Research Activities, February 2014
Lessons from the U.S. educational system for the health care system
Patient Safety and Quality of Care
Health care delivery in the United States is fragmented, with no central structure or organization. Achieving an organized health care delivery system will require radical change. In this commentary, the authors envision how radical system-level reform might borrow from another public sector: education. Their proposed solution for the U.S. health care system is modeled after an admittedly idealized version of the U.S. public education system, with a mix of public and private providers governed by regional planning, organization, and oversight.
Their model envisions a national system of community health centers (CHCs) administered by community district health boards (similar to school boards) whose members are elected periodically. These boards would have the authority to supervise central administration, balance budgets, and conduct systemwide strategic planning. Each district's system of CHCs would provide comprehensive public health, preventive health, and primary care services. The boards would also obtain secondary and tertiary care services by direct provision or contract. All CHCs in a given district would use the same electronic medical record system. Much of the funding for this system would come from existing public insurance dollars divided up by district, with allocations based on population measures of health and health care needs.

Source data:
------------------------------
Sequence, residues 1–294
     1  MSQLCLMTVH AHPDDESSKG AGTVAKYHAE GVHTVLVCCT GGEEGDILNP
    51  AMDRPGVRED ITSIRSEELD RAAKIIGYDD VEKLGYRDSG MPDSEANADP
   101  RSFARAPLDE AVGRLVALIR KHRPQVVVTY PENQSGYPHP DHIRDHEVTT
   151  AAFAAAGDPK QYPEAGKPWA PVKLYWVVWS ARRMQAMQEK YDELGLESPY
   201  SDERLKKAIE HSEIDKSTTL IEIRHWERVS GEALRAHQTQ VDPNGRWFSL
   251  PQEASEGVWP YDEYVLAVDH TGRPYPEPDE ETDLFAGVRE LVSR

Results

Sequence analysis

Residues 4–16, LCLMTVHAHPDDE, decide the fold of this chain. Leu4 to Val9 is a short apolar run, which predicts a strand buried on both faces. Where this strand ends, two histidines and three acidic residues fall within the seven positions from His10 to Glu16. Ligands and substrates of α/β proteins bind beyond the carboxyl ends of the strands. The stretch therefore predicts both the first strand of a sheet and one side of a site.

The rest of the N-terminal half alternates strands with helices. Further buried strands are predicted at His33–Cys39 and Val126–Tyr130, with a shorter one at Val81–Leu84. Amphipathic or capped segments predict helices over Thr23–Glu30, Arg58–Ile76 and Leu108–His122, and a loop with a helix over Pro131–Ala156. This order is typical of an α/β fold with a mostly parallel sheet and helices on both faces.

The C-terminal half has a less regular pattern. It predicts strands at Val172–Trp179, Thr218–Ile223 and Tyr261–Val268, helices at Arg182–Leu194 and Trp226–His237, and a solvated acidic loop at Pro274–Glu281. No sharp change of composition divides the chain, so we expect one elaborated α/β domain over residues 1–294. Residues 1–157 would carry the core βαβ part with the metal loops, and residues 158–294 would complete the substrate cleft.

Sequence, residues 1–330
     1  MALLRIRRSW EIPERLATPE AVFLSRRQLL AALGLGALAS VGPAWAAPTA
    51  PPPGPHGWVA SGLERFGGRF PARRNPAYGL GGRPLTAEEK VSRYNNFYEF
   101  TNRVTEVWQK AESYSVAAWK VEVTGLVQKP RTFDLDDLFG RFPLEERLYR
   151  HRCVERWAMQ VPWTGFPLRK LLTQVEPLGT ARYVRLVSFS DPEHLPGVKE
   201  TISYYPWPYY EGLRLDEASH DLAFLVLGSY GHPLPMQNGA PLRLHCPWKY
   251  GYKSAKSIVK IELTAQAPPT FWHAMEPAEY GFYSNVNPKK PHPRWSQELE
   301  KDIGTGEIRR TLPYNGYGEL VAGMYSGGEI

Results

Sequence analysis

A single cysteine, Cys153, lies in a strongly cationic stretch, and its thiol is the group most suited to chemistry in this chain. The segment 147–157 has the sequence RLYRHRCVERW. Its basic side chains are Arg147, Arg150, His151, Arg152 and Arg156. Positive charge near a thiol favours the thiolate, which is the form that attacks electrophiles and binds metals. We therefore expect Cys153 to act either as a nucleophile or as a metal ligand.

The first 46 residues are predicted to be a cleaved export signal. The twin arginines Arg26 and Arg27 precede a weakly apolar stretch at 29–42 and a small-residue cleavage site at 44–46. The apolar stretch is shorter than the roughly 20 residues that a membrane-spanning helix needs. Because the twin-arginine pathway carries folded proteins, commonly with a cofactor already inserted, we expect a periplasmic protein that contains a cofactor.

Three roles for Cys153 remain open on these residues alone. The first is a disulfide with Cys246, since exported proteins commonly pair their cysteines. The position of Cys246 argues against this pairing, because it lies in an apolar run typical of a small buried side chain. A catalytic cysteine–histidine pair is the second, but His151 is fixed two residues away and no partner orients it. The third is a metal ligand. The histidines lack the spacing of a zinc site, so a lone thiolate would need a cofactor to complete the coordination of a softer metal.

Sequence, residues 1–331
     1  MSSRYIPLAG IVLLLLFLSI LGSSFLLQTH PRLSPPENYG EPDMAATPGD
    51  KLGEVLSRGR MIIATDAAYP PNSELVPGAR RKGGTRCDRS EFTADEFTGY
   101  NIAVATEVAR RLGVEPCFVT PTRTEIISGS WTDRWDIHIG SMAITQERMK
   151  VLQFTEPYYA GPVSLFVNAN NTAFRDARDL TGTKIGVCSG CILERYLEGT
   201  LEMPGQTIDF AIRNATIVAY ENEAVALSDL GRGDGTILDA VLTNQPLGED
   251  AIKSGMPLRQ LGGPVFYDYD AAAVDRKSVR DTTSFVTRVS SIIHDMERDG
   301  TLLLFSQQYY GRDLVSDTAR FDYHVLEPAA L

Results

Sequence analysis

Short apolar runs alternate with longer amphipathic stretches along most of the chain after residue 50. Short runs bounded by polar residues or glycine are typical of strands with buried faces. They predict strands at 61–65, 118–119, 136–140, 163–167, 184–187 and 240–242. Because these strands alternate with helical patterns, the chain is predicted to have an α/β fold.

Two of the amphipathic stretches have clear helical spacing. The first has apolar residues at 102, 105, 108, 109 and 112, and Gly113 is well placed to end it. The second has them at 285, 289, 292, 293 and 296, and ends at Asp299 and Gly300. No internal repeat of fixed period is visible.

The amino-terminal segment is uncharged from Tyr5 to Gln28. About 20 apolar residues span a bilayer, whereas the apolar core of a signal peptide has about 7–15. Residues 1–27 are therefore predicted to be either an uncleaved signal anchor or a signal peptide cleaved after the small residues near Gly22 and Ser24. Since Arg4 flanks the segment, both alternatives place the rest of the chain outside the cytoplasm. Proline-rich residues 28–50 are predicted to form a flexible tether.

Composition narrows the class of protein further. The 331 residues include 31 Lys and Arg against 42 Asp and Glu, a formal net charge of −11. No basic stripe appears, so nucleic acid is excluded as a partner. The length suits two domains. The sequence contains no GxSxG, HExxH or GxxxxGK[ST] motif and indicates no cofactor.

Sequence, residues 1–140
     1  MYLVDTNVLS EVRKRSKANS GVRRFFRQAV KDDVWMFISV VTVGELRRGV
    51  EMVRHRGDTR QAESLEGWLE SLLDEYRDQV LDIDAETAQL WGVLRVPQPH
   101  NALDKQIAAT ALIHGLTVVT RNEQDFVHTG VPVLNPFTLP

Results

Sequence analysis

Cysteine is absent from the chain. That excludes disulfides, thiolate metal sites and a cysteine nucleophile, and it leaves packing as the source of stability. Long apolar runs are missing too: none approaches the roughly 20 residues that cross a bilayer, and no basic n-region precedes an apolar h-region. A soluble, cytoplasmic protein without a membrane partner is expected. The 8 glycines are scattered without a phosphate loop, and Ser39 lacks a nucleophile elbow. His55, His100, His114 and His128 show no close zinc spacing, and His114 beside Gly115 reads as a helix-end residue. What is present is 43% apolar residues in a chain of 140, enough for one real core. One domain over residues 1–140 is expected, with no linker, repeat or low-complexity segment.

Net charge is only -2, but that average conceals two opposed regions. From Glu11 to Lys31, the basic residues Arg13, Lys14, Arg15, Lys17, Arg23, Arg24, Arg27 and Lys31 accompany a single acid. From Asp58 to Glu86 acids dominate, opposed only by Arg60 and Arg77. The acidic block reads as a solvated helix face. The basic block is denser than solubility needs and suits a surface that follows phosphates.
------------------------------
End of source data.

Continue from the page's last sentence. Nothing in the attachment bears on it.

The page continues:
The authors hope to encourage creative thinking about other system-level communities of solution that could lead to profound change and improvements in the U.S. health care system. This study was supported in part by AHRQ (HS16181, HS18569).
See "Community of solution for the U.S. health care system: Lessons from the U.S. educational system," by Jennifer E. DeVoe, M.D., and Rachel Gold, Ph.D. in Journal of the American Board of Family Medicine 26, pp. 323-326, 2013.